A close friend of Ulysses S. Grant, a shopping companion to Mary Todd Lincoln, and a brilliant young diplomat who helped save the Mexican Republic, Matías Romero is a little-known figure today.
Yet, his accomplishments on both sides of the border shaped the future of positive U.S.-Mexico relations and rid the continent of European imperial ambitions in the Americas.
In 1861, at the age of 24, Romero was sent by President Benito Juárez to Springfield, Illinois to congratulate the newly elected Abraham Lincoln. He was the first foreign ambassador to do so, and he would become a frequent visitor to the White House during the Civil War, not only accompanying Mrs. Lincoln on her shopping sprees, but conversing with generals and other influential figures at formal dinners.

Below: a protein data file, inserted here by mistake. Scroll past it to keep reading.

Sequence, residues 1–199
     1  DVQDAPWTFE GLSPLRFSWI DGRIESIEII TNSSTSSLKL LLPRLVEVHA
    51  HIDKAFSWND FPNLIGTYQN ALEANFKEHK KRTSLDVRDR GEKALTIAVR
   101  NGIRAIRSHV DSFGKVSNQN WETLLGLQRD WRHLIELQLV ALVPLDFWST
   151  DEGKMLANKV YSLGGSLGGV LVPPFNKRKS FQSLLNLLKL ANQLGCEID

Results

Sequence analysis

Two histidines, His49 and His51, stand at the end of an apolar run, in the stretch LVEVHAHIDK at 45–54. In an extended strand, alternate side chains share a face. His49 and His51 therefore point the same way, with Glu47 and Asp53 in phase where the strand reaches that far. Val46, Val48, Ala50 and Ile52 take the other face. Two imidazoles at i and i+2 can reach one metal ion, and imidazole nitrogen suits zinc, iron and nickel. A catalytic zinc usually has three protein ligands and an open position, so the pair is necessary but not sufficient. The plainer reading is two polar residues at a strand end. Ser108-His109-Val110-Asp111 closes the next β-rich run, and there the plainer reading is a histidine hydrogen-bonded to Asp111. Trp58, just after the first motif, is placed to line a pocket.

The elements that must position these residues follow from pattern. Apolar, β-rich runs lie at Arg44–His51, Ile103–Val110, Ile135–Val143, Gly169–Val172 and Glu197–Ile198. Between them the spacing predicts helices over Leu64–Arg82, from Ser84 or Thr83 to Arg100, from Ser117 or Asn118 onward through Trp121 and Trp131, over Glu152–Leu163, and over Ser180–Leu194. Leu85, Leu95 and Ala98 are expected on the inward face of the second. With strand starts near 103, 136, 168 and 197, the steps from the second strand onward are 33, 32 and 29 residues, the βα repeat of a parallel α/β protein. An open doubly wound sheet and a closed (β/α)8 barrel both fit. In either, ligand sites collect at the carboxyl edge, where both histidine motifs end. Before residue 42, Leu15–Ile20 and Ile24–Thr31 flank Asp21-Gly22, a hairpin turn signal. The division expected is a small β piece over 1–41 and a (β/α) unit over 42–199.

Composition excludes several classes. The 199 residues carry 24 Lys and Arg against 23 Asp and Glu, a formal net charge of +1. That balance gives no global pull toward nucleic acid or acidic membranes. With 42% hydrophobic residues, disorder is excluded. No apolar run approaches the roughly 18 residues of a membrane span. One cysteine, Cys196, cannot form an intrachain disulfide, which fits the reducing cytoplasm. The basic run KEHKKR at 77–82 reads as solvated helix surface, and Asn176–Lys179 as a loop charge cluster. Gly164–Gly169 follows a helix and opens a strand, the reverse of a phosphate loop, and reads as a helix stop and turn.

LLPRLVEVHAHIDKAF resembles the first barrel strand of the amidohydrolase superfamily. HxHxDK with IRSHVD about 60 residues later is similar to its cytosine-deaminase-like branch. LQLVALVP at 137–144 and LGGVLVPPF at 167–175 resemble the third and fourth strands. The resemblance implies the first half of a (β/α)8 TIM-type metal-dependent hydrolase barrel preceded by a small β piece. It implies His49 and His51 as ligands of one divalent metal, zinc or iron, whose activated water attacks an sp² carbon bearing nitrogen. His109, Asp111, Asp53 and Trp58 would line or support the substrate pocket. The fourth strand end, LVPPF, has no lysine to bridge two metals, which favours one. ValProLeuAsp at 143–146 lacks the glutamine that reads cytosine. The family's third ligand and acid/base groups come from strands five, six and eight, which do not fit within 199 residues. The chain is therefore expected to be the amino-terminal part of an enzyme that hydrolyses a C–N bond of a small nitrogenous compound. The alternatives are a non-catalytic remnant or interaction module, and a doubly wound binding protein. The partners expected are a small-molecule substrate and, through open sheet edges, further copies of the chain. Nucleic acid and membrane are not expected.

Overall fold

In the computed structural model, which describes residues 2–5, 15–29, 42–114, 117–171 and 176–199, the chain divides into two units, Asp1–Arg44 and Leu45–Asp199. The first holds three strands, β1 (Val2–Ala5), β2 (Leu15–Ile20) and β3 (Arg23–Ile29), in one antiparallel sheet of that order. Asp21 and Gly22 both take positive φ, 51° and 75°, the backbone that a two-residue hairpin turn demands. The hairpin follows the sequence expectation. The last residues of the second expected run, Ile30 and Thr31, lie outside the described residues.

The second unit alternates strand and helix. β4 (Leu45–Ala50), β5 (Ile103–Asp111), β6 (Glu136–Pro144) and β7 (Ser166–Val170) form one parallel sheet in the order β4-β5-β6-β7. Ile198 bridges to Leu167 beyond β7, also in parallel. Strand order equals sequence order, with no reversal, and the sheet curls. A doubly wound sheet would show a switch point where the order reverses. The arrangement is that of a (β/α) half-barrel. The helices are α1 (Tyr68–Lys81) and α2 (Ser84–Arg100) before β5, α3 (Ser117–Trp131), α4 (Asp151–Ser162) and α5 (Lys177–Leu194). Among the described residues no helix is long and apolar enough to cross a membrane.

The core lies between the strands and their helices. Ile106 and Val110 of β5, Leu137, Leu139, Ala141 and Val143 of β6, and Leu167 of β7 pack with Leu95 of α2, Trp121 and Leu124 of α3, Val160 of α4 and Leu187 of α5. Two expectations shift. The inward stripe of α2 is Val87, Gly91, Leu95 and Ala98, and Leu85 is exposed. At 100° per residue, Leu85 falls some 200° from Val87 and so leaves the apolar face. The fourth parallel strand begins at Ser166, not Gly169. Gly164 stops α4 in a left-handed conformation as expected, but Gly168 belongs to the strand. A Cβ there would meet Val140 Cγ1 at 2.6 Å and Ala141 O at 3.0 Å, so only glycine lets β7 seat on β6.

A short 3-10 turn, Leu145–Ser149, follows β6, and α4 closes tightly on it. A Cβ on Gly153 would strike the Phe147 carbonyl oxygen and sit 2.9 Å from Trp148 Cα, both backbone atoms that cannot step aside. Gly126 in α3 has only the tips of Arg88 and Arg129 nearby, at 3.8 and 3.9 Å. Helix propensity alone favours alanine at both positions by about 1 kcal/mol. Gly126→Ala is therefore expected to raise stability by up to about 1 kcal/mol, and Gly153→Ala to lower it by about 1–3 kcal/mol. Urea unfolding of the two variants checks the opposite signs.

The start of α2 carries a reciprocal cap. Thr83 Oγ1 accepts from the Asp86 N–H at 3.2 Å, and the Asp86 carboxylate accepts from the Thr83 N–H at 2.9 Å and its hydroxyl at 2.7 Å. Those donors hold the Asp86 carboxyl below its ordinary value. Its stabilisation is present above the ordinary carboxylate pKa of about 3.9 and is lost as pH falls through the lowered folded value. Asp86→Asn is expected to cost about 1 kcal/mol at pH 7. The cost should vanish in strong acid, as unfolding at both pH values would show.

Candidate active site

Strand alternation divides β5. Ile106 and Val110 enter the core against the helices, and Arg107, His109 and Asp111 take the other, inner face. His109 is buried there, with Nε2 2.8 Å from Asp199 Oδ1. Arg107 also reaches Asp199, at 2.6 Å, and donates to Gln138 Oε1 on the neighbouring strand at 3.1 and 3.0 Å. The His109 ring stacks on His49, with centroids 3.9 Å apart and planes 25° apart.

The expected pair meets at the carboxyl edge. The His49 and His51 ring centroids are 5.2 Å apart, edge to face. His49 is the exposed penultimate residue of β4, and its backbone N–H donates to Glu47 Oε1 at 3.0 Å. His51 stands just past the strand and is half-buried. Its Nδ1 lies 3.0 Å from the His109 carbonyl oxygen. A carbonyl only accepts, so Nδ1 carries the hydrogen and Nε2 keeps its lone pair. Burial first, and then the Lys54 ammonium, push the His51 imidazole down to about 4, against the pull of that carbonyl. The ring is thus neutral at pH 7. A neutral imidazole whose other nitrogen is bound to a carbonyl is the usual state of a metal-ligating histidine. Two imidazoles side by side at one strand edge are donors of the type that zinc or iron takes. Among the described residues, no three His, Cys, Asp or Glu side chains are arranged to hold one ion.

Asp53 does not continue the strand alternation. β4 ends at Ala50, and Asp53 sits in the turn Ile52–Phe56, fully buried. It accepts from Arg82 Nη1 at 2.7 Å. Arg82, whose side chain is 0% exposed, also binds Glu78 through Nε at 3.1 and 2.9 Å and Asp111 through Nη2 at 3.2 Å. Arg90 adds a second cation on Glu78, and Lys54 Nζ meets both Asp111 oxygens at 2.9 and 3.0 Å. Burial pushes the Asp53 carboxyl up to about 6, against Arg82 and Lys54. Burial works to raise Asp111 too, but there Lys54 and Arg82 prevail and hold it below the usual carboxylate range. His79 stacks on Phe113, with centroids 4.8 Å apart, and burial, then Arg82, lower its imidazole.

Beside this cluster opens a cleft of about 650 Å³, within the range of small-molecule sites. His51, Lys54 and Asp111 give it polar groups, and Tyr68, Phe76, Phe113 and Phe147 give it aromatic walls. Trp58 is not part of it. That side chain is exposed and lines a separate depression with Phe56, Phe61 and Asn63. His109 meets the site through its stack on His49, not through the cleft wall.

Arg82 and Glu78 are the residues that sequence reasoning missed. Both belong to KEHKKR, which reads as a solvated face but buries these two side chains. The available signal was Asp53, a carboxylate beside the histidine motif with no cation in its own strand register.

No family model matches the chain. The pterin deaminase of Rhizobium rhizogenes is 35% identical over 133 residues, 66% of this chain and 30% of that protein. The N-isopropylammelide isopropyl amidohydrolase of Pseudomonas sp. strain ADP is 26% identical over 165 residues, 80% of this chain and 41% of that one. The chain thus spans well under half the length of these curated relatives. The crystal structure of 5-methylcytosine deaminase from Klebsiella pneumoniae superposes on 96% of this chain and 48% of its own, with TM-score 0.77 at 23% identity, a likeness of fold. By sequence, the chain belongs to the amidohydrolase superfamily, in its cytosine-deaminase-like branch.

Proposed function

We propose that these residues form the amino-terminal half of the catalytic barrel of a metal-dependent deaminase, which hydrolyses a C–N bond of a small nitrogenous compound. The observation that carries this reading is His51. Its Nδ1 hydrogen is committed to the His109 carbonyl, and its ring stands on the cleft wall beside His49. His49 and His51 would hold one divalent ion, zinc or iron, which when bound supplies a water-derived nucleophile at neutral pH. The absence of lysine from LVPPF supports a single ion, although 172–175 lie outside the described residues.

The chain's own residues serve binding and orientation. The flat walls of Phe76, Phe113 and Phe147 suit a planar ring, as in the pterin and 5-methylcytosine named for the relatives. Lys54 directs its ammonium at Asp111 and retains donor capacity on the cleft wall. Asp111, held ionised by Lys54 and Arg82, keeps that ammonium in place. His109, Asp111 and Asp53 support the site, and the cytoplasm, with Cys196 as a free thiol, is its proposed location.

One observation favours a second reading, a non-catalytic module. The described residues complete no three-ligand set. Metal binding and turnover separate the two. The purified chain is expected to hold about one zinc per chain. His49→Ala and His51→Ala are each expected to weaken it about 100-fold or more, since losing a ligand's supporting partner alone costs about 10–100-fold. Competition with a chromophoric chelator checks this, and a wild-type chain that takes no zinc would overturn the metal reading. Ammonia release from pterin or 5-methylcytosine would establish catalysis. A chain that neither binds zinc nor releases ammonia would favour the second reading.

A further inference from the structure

When France invaded Mexico in 1862 and then installed Maximilian as Emperor, Romero convinced Lincoln to withdraw recognition of the new regime, and then pressured Congress to issue a strong disavowal of the legitimacy of the imperial government. With Mrs. Lincoln’s support, he was able to connect with U.S. bankers and investors and secure of US$24 million in sales of Mexican liberty bonds to finance resistance to Maximilian’s imperial troops.
Even more amazing was his friendship with General Grant. On their long carriage rides together, he told the general that France’s intent was to align itself with the Confederacy and open new slave states in Mexico. The Mexican resistance—by keeping the French occupied—distracted them from this effort and, Romero argued, would contribute to ending the Civil War more quickly.